Food labelling 



Why should I read a food label?

A food label tells you essential information about the food you are buying, such as the ingredients, nutritional information, allergens and use-by dates. Labels also give you instructions about things like storing and cooking the product. All of this information, which is required by law, helps you make knowledgeable decisions about what you are buying.

The Ministry for Primary Industries has an online guide to what should be on a food label.   

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Do I have a right to know if the food I am buying is genetically modified or not?

Yes. Under New Zealand law genetically modified foods must be labelled so that consumers can make informed choices about the food they buy. For packaged food, the words ‘genetically modified’ must be next to the name of the food or the specific ingredient in the ingredient list. For unpackaged food, such as fruit, the words ‘genetically modified’ must be displayed next to the food in the shop.

You can also approach the manufacturer if you want to find out more about a product. The contact details should be on the label.

Note that a meal that is prepared in a restaurant or other food outlet, or by a caterer, is exempt from GM food labelling requirements. 

For more information you can visit the Australia New Zealand Food Standards website.

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Does the country of origin have to be displayed on the food label?

Only in the case of wine - wine labels must include information about country of origin. This is not a requirement for other food. However the contact details of the New Zealand or Australian distributor must be on all food products, so you can contact them and ask about the origin of the product.  

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I’m allergic to certain foods. Do foods have to be labelled to show that they contain allergens?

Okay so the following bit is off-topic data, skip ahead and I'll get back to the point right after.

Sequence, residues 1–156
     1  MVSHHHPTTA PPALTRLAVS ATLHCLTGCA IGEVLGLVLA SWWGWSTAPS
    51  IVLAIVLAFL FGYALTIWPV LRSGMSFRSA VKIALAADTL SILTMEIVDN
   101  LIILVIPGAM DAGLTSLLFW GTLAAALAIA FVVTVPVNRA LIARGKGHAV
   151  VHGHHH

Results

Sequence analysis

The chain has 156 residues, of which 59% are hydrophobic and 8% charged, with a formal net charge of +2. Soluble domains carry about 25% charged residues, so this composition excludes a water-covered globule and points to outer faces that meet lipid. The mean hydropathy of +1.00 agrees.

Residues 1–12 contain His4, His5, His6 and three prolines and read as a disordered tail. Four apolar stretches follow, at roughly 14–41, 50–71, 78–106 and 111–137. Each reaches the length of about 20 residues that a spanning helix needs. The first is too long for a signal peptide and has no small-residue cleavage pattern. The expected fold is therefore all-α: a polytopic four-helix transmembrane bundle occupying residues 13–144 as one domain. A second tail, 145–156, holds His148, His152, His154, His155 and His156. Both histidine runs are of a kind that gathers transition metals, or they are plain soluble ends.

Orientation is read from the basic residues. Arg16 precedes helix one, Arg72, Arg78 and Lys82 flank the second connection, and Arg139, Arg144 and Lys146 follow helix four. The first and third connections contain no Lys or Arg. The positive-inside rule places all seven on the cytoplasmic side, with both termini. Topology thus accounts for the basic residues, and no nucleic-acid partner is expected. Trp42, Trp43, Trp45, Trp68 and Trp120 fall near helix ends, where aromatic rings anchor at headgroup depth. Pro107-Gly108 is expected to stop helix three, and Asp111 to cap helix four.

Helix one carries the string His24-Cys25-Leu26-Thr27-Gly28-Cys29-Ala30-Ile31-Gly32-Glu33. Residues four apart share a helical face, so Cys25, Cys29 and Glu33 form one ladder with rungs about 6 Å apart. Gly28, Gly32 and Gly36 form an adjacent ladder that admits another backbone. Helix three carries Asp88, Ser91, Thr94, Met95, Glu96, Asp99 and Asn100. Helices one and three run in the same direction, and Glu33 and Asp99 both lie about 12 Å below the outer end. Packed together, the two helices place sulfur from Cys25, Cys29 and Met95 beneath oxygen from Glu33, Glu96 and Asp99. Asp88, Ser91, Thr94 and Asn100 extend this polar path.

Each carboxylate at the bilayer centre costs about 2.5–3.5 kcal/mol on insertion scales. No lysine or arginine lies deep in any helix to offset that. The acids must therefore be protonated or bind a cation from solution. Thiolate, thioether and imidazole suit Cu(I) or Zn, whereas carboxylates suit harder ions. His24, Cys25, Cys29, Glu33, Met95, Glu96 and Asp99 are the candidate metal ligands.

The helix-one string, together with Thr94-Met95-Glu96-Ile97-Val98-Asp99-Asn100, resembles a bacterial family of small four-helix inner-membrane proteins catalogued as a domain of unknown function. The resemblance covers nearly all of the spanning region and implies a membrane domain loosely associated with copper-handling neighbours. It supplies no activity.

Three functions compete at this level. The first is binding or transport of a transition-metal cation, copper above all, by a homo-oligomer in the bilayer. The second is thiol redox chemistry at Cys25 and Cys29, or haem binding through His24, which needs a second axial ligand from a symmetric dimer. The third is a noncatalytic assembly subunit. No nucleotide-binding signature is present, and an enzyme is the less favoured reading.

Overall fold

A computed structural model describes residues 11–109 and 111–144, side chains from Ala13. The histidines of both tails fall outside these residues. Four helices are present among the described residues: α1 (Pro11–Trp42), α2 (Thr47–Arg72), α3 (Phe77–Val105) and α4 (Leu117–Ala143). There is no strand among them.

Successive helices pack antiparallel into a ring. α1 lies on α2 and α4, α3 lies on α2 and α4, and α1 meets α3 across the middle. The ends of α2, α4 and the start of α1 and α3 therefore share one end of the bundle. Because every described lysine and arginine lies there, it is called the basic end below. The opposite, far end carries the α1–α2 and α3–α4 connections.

Foods which contain one or more of the most common life-threatening allergens must have those allergens listed on the food label (or displayed next to the product in the shop):

  • cereals containing gluten and their products (eg, wheat, rye, barley, oats and spelt) 
  • crustaceans (eg, crayfish, crabs, prawns) and their products 
  • egg and egg products 
  • fish and fish products 
  • milk and milk products 
  • tree nuts and sesame seeds and their products 
  • peanuts and soybeans, and their products 
  • added sulphites in concentrations of 10mg/kg or more

A warning statement (a statement which must be worded exactly according to the Australia New Zealand Food Standards Code) is required for products that contain royal jelly.

An advisory statement (similar to a warning statement but does not have exact wording requirements) is required on:

  • foods that contain bee pollen, aspartame, quinine, guarana, phytosterols, phytosterol esters, and propolis 
  • low-fat milks (including soy and rice milk), kola beverages containing caffeine, unpasteurised egg products, and unpasteurised milk and milk products

For take-away food that contains allergens, there must be a warning or statement alongside the food, or the information must be given to you if you ask for it.

For more information about allergies, see the Allergy NZ.  

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How accurate is the nutrition information panel on the side of my cereal box?

All packaged food products (except for foods packaged in the shop, foods with negligible nutritional content, such as tea, or where the packaging has a very small surface area) must have on the food label a nutrition information panel stating the average nutritional content of the food you are eating. 

This information must be accurate and can help you plan a balanced diet. For more information you can visit the Food Standards Australia New Zealand website. 

You can find some useful guides to nutrition on the Ministry of Health, HealthEd website.